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PARTY exposes youth to the realities of drunk and reckless driving

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Last week Grade 9 students from Peace River and region had a PARTY in St. Isidore – the kind of party that gets literally crashed, and is attended by an ambulance, a fire truck, a helicopter, and a hearse.

PARTY, or Prevent Alcohol and Risk Related Trauma in Youth, is a program organized by a handful of local stakeholders that aims to educate students about the risks of drunk driving and other reckless behaviours behind the wheel.

The program started off Tuesday (May 14) with a realistic crash scene. Live actors, stumbling and screaming, in pain and covered in blood emerged from a wrecked car. A 911 call was made, drawing emergency services to the scene.

“We’re basically showing what actually happens at a scene if you were involved in a drunk driving situation” said Dave Leblanc, director of Northern Sunrise County protective services, and one of the key organizers of the event.

“We’re not here to be all nicey-nicey about it, it’s the real thing. People are going to die and people are going to be severely injured.”

Following the crash simulation, students attended hands-on informational sessions about traffic safety, addictions, emergency medical procedures, and trauma rehabilitation.

The various sessions educated students about traffic and substance abuse laws as well as the consequences of breaking them, the treatment and aftermath of severe injuries, and ways to recognize and prevent dangerous situations.

“You’re gonna have risks no matter what you do in life, but lets be smart about it and lets learn how to manage those risks so that you don’t get injured,” said Tammy Novak, health promotions facilitator from Alberta Health Services.

There’s a big focus on thinking ahead and having action plans in place, says Addiction Services counsellor Keltie Hatfield.

“Your parents would rather hear a phone call from you that you need a ride than get a call from the morgue saying your kid’s dead.”

Hatfield’s partner Joleen Smith added that the program’s highly visual approach makes the danger far more real than any information packet could.

“You can insert the characters as: this could be your friend, this could be your sister.”

It was certainly palpable for Cadotte Lake student Lacrissa, who had a cousin die due to an accident caused by drunk driving. “It’s real serious,” she said quietly, “real deadly serious.”

PARTY was specifically designed for Grade 9 students to catch youth prior to them driving independently, Novak says.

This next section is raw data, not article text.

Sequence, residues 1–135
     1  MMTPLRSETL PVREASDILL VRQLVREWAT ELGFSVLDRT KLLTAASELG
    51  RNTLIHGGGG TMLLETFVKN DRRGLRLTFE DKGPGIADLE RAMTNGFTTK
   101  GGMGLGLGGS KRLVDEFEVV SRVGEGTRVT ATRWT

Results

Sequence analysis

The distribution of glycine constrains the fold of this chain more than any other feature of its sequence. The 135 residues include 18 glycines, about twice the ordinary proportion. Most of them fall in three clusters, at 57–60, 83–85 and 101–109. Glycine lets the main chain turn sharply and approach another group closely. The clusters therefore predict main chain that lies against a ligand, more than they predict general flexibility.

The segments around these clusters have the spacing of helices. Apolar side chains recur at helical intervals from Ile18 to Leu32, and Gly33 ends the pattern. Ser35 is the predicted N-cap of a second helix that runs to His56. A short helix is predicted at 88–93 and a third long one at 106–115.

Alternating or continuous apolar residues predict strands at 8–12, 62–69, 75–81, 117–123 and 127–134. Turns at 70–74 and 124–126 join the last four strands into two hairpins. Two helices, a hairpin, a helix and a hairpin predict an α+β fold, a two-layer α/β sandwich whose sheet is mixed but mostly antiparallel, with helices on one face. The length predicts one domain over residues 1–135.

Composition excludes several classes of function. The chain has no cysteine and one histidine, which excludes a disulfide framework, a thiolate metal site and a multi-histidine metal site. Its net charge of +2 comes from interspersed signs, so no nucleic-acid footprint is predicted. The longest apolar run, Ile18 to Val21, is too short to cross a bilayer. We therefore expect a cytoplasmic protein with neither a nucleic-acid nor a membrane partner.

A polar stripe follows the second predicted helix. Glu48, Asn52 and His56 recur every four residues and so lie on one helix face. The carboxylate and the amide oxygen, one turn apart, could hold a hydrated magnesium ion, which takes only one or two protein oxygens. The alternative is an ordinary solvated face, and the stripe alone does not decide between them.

“At this age they’re invincible, right?” Smith said about the perceptions that the program aims to debunk, adding that the bush parties common in this area are a unique challenge for youth due to the difficulty and expense of getting a cab or alternate transportation.

The day ended with a high energy and emotional address by motivational speaker Earl Lambert. Lambert is a Dawson Creek native who has a personal reason for discouraging youth from reckless driving; his girlfriend was killed in a car accident in 2008.

Lambert spoke passionately about every human’s potential and worth, as well as the grief and pain brought on by the fact that he was driving when the vehicle was totalled. He encouraged the students to respect and take responsibility for the lives of their passengers.

“Each and every one of you deserves a successful, fulfilling, and happy life,” he said.

In her concluding remarks to the Record-Gazette, Novak was optimistic.

“I hope we’re making an impact, and you know, we always feel that if we save one life then it was worth it.”

PARTY is an annual program put together by a large number of individuals and groups, including: Alberta Health Services, Northern Sunrise County Protective Services, Peace Regional Victim Services, the Peace Regional RCMP, Alberta Sheriffs, the Berwyn Fire Department, the Office of Traffic Safety, Chapel of Memories, Black Swan Helicopters and several corporate sponsors.

Students from Glenmary High School, Holy Family High School, Little Buffalo School and Cadotte School went to PARTY on Tuesday, and Grade 9s from Grimshaw High School and Peace River High School attended on Wednesday, May 15.

 

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